…for denigrating their profession
From Issah Alhassan, Kumasi
A CROSS section of taxi drivers in the Kumasi metropolis have taken a Deputy Minister of Information, Mr. James Agyenim-Boateng, to the cleaners, following his recent comments that sought to denigrate people in their profession.
The Deputy Information Minister, in a rebuttal to the opposition party’s assertion of President Mills’ reshuffle, was reported to have passed a comment, which suggested that the former administration of the New Patriotic party (NPP) recruited taxi drivers as ministers.
Mr. Agyenim-Boateng’s reaction, which was aired on an Accra-based radio station, Joy 99.7FM, followed the opposition party’s description of the government’s reshuffle as musical chairs, and the reassignment of “Team B” players.
In reaction to the opposition party’s assertion, the Deputy Information Minister claimed that the National Democratic Congress (NDC) government did not appoint incompetent people to steer the affairs of the country, unlike its predecessors who were noted to have given ministerial appointments to taxi drivers.
The opposition party however, appeared to have succeeded in making huge political capital out of the Deputy Minister’s loose mouth, after accusing him of insulting taxi drivers.
Against this backdrop, some taxi drivers in the Kumasi metropolis have taken a swipe at the Deputy Minister, and called on the President, His Excellency Prof. John Evans Atta Mills, to sanction him.
According to them, Mr. Agyenim-Boateng’s statement was a serious indictment on all taxi drivers in the country, some of who played active roles in ensuring the victory of the NDC.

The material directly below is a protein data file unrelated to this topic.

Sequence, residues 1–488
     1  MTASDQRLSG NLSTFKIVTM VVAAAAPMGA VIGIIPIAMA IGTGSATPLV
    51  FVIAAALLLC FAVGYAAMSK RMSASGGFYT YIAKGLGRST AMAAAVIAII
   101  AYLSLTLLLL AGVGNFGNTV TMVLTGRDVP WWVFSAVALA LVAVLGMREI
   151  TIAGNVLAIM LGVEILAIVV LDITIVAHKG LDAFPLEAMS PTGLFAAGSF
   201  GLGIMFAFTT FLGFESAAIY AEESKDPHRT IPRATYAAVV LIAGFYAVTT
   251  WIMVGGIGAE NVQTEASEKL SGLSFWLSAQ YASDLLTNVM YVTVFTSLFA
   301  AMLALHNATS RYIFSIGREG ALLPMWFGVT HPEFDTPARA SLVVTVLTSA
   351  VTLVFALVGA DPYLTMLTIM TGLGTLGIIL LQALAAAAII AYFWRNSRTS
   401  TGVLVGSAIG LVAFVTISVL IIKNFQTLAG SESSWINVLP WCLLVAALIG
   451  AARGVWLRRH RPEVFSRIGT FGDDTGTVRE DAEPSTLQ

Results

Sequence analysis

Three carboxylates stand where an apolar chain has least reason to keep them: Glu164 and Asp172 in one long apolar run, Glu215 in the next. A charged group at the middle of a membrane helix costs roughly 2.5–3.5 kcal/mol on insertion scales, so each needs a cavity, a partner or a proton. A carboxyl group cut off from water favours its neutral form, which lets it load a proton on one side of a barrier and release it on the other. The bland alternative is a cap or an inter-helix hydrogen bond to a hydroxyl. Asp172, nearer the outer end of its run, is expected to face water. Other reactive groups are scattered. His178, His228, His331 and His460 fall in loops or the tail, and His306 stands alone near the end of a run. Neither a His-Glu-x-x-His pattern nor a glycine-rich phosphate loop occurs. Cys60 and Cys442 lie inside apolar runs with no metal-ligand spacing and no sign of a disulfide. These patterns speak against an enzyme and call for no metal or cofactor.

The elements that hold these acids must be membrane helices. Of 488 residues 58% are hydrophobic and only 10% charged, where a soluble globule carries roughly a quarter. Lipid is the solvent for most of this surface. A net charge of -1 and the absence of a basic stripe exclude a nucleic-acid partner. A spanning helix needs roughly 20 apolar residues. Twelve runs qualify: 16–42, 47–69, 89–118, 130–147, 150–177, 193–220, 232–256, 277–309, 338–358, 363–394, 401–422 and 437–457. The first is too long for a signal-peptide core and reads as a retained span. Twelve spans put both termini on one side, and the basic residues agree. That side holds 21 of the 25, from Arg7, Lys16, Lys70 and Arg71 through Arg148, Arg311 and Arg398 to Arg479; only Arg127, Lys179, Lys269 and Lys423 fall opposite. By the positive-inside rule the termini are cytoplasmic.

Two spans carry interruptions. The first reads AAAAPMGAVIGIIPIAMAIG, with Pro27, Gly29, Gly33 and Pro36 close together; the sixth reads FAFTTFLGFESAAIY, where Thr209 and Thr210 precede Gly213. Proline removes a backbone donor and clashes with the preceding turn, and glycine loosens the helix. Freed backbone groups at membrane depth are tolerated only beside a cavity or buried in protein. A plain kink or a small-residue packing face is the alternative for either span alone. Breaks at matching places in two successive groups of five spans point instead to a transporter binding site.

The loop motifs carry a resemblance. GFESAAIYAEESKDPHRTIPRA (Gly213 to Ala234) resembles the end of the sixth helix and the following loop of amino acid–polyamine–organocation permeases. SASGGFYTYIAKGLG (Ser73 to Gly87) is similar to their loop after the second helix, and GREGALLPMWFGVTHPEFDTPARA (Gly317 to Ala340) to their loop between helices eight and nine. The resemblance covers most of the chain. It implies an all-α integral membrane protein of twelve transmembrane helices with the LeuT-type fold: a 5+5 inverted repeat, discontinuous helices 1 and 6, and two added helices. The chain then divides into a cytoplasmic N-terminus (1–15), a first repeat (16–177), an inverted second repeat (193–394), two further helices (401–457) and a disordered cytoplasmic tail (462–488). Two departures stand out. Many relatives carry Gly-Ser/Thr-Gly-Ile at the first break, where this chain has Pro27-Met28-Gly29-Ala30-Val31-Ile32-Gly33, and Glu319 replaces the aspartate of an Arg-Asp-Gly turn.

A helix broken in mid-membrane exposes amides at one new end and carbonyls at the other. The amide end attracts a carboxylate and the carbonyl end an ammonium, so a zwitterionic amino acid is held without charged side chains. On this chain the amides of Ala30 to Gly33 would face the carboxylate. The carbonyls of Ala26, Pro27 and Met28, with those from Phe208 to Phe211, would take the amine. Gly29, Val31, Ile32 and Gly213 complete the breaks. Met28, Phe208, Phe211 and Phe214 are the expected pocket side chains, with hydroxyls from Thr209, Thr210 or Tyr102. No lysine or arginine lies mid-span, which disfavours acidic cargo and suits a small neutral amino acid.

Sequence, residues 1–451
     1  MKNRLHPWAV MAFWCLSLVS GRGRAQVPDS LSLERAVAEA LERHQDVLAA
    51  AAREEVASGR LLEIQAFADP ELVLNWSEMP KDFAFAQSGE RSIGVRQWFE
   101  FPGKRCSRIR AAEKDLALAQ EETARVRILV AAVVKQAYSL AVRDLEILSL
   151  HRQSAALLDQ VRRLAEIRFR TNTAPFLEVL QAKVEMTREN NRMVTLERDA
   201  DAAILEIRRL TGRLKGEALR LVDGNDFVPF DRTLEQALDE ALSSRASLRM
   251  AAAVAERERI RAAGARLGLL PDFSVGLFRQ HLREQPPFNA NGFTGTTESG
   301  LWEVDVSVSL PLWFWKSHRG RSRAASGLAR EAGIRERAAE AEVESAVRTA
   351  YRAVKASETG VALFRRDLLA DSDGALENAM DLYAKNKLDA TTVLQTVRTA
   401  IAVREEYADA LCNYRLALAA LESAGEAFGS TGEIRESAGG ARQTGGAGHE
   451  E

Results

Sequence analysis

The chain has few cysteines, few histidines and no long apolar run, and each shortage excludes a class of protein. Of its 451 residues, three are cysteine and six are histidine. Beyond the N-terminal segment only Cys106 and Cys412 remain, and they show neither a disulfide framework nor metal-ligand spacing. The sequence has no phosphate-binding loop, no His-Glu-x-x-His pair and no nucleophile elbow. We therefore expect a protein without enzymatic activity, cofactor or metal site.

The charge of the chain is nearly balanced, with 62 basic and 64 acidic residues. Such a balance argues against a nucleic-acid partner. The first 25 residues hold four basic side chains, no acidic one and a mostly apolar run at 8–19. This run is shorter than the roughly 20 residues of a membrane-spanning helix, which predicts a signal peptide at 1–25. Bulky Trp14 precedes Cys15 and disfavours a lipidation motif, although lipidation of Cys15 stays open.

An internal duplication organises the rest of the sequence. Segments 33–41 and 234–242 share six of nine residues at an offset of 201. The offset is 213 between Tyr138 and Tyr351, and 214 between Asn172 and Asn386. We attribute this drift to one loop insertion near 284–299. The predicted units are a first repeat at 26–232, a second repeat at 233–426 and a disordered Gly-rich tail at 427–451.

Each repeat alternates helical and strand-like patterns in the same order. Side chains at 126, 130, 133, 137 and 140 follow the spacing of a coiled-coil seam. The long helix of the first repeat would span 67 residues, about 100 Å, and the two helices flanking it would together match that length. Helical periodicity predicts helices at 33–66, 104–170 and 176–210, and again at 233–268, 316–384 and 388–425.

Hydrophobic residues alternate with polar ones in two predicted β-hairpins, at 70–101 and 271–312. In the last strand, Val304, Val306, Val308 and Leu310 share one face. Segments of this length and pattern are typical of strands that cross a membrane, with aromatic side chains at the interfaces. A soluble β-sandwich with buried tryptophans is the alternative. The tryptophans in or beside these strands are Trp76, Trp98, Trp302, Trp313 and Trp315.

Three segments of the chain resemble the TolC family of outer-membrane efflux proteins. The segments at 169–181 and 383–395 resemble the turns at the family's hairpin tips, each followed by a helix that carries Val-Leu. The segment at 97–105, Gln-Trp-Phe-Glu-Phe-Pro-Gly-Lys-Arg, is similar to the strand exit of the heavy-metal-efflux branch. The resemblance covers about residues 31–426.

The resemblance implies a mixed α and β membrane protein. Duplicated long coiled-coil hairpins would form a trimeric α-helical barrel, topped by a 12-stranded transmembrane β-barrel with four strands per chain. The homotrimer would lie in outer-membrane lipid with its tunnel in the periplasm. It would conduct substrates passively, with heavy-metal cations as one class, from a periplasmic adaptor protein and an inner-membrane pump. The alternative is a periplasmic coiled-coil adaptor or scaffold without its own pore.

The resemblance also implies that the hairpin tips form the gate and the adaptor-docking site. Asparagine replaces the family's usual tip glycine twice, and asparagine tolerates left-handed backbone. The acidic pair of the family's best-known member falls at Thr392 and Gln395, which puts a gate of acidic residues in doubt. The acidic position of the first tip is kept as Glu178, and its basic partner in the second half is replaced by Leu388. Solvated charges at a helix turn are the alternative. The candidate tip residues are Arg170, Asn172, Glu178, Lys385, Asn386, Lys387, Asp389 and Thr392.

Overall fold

They argued that during the 2008 elections, taxis and other commercial drivers actively protested against the harsh economic conditions at that time, which culminated in the eventual defeat of the NPP administration.
The taxi drivers therefore, contended that it was highly unfair on the part of the Deputy Minister to have made that statement.
“Now they see taxi drivers as non-entities; it was we, these same taxi drivers, who voted you to power, we shall see in 2012,” one taxi driver agitated on a local radio station.
Some of them warned that should President Mills fail to bring the Deputy Minister to order, they would organise a demonstration to register their protest.
The aggrieved taxi drivers further contended that it was not the first time a state official had passed a comment which belittled their job, making reference to a similar alleged statement made on a Kumasi-based radio station by an NDC-radio panelist, that taxi drivers could not blame the government for any predicament, because they had been spending their earnings on fufu and meat.
They wondered why state officials would cast serious slurs on taxi drivers, or any occupation of similar status, when they have in one way or the other patronised their services at a point in time.